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Golf Instruction - Short Game

Get that short game in order! Chipping and short shots can make or break your game! Our professional golf instructors will help you get your short game in order!
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MattRistine
(Students 1)
Oct 22, 2014 10:41 PM Short Game | All Levels
 
If there is one thing I have learned through teaching a wide range of golfers through the years, it is that most amateurs have lousy short games (sorry, but it’s true). While the average amateur golfer would lament that their full swing is the reason for their high handicap, the truth is that the short game is what lets most of them down. When I moved from playing high school golf up to the college ranks, I was shocked to see how bad my short game really was. I could hold my own off the tee and from the fairway, but I was a mess on and around the greens. In order to lower my scores and keep up, that had to change. To help you sharpen your short game and bring your own scores down in the process, I am happy to offer the three tips below. Rushing the Stroke Whether it is a short putt or a pitch from just off the green, most amateur players rush through their short game shots like they just want to have them over with. There is no hurry – the ball isn’t going anywhere. In fact, good rhythm is just as important in the short game as it is in your full swing. When you are practicing your short game, work on using a smooth tempo that takes the club head cleanly through the ball with confidence. Rushing will only lead to a breakdown in your technique, and all kinds of bad things can happen from there. Wandering Eyes I’ve never been a fan of the idea that you need to ‘keep your head down’ when hitting a golf shot, because I feel like that is too physically restricting. However, it is important that you keep your eyes down on the ball to ensure a solid strike. Don’t make the mistake of following the club head with your eyes. Instead, focus on a specific spot on the top of the golf ball until it is gone. You will be surprised at how much better your short game can be when you simply look in the right place. Squeezing the Grip This one might be the most common mistake of them all – and most amateur golfers have no idea that they are doing it. When you squeeze the grip too tightly, you lose feel for the clubhead and your ability to control the distance of the shot is significantly reduced. During your short game practice sessions, pay attention to how tightly you are holding the club and make an effort to keep your fingers and hands as relaxed as possible throughout the stroke. Don’t follow all the other amateur golfers who mindlessly hit balls on the driving range all day long, only to see their handicap remain the same. If you want to get better, spend your time on the practice putting and chipping greens. This part of your game is ripe for improvement, and lower scores are waiting around the corner.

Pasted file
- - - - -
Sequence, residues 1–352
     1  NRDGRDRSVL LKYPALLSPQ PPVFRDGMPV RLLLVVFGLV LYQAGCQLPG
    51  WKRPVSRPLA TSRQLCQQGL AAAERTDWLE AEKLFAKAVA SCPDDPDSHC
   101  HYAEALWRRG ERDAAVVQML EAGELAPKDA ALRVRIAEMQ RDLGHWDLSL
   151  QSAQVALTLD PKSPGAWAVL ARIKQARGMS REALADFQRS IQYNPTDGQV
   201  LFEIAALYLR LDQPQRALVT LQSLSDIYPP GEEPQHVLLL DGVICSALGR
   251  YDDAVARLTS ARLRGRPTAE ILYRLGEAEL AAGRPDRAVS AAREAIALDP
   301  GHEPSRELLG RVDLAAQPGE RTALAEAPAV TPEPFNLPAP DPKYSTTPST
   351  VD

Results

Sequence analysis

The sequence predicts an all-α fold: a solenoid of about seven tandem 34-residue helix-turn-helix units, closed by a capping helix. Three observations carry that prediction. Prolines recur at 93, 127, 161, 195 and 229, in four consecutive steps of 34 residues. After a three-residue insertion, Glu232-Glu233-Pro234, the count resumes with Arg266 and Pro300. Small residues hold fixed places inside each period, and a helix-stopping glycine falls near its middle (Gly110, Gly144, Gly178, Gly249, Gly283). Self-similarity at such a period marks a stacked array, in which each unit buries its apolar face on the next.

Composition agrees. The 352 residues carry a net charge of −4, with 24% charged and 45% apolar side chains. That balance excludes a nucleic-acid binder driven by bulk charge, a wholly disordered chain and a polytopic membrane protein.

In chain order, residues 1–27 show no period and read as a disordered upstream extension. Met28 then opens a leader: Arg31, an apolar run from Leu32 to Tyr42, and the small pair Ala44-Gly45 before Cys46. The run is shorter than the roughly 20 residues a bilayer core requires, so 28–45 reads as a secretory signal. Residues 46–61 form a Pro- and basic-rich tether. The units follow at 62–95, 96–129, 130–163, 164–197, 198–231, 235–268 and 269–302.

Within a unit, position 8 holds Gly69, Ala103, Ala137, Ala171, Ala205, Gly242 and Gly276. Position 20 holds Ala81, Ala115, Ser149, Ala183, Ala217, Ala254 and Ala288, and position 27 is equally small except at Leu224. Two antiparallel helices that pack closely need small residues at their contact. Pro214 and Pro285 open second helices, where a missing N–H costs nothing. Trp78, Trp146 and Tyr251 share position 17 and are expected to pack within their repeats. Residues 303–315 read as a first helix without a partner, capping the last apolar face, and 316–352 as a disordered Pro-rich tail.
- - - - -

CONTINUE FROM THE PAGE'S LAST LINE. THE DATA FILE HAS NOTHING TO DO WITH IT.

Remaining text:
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OfficialGolfSmash
(Students 13)
Aug 16, 2014 4:32 PM Short Game | All Levels
Chip and Run the Ball, don’t leave it short. When you are chipping, first check out how much green you have to work with. Get a good idea of how much fringe or rough you have in between you and the golf hole. Think about how far you want the ball to go, and how much it will roll. Here are some tips to help the ball get moving in the right direction: -Put the ball in the front of your stance. -Push your hands forward prior to hitting the shot -Wrist hinges on the back swing, and holds on the follow through -The butt of the club will hold in the same position back and through the shot -A chippng motion, does NOT have a release in the club head through the ball
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OfficialGolfSmash
(Students 13)
May 27, 2014 3:08 PM Short Game | All Levels
 
 
Understand that the club will do most of the work, as long as you have the correct set up. This is key to consistent and solid chipping in golf. Creating a thought process before your chip shots will also help build confidence around the green. Here are some fundamentals of chip shots! Technique The ball position should be back in your stance (off your back foot). The feet are closer together and the weight is on your forward foot. NO WRIST ACTION! Keep your hands and wrists working together, minimally breaking your wrists. Rotate with your upper body, leaving your lower body a bit still. Keep your leading wrist flat toward your target, and DO NOT let your wrists break down in the through swing. The distance from the hole is the determining factor for which club you chip with. You are free to chip with any club in your bag. The rule of thumb is, the more green you have to work with, hit a higher club. For example, a flop shot will require a 60 degree wedge and a bump/run shot may allow for an 8 iron. Feel your chips shots out the same way you would a full swing! More tips to follow on this topic!
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